he World Resources Institute says cattle, oil palm, soy, cocoa, rubber, coffee and plantation wood fibre replaced 71.9 million hectares of forest between 2001 and 2015.
That’s an area twice the size of Germany. Together they accounted for 26 per cent of global tree cover loss in that period, and 57 per cent of agriculture-related tree cover loss.
WRI’s Global Forest Review says the majority of tree cover loss from farms and plantations happens in the tropics. The trend is worrying given the vast carbon stocks and biodiversity held in rainforests.
Although it was generally understood that agribusiness is replacing forests, there had been a lack of information about the impact of specific products.
Cattle pasture replaced the most forest by far at 45.1 million hectares, or an area of land the size of Sweden, making them responsible for 16 per cent of total tree cover loss.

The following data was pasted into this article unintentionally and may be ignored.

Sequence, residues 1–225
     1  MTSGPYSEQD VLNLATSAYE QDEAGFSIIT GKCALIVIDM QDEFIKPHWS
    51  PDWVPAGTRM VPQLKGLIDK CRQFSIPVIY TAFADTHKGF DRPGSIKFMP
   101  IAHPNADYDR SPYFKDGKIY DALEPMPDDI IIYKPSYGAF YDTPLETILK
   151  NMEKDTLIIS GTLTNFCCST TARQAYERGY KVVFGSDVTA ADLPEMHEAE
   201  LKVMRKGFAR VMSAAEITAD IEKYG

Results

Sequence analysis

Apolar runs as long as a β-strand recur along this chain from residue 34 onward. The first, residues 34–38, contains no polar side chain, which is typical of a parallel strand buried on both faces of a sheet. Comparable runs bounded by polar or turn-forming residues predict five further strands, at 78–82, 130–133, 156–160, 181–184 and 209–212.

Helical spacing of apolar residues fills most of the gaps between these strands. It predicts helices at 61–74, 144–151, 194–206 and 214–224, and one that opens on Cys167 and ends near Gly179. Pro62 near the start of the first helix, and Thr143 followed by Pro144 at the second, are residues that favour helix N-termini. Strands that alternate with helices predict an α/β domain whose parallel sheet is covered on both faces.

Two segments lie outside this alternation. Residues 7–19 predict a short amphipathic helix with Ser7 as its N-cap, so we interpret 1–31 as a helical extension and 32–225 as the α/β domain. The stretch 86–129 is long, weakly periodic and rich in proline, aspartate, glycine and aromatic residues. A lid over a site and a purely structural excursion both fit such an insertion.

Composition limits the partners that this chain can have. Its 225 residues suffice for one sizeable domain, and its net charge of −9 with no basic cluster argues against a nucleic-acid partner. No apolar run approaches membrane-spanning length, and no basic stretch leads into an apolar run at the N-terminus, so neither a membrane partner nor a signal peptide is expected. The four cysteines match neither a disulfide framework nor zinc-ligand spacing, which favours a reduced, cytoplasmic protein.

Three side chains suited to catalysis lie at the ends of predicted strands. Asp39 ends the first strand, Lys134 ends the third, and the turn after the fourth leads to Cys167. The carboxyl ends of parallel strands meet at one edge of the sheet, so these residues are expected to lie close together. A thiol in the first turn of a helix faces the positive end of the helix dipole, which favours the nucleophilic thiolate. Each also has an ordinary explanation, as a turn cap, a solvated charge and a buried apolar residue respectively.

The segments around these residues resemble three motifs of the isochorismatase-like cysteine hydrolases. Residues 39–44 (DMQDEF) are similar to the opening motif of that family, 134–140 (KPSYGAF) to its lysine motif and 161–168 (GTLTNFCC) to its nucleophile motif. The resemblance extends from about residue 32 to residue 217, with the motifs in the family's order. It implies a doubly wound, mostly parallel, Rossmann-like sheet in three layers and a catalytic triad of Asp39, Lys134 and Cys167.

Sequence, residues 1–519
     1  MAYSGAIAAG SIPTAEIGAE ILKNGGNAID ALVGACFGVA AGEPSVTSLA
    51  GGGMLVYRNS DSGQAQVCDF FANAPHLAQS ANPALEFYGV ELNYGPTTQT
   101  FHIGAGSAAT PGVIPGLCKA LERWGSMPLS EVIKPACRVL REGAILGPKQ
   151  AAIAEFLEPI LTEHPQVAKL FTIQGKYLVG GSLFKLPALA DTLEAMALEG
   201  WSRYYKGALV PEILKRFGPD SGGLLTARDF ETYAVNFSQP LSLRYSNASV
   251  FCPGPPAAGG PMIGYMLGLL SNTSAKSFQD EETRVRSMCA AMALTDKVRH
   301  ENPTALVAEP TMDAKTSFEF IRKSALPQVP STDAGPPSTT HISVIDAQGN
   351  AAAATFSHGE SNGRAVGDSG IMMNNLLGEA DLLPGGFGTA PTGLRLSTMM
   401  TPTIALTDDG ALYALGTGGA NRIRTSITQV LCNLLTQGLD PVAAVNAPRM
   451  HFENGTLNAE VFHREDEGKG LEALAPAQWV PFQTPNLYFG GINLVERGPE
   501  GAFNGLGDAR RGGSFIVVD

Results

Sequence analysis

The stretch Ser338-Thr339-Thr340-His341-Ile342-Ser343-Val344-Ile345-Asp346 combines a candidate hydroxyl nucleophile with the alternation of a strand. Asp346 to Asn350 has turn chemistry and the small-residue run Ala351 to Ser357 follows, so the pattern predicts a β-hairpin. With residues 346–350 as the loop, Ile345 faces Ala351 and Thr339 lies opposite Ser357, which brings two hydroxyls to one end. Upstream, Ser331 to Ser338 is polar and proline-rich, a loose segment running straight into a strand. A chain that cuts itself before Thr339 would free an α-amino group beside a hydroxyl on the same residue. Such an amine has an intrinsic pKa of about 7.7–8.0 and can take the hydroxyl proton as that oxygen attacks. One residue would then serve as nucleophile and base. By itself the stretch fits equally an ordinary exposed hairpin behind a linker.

Oil palm was a distant second, replacing 10.5 million hectares, and soy accounted for 7.9 million hectares.
Cocoa, plantation rubber, plantation wood fibre and coffee each replaced around two million hectares.
Oil palm replaced forests mostly in Indonesia and Malaysia, while soy replaced forests mainly in South American countries like Brazil and Argentina. The conversion of forests to cattle pasture was more widely distributed across the globe, but hotspots exist in South and Central America.
In Ghana, conversion of forests to cocoa represents a third of the country’s total tree cover loss.